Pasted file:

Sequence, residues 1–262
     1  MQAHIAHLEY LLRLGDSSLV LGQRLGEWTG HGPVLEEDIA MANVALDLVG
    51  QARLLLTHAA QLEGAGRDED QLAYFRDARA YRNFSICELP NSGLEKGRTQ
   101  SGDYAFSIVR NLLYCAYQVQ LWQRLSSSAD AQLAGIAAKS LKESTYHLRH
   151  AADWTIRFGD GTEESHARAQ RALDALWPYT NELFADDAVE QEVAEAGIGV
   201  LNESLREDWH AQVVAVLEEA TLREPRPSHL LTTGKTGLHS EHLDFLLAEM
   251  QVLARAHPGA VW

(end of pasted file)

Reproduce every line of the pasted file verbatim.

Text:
Sequence, residues 1–262
     1  MQAHIAHLEY LLRLGDSSLV LGQRLGEWTG HGPVLEEDIA MANVALDLVG
    51  QARLLLTHAA QLEGAGRDED QLAYFRDARA YRNFSICELP NSGLEKGRTQ
   101  SGDYAFSIVR NLLYCAYQVQ LWQRLSSSAD AQLAGIAAKS LKESTYHLRH
   151  AADWTIRFGD GTEESHARAQ RALDALWPYT NELFADDAVE QEVAEAGIGV
   201  LNESLREDWH AQVVAVLEEA TLREPRPSHL LTTGKTGLHS EHLDFLLAEM
   251  QVLARAHPGA VW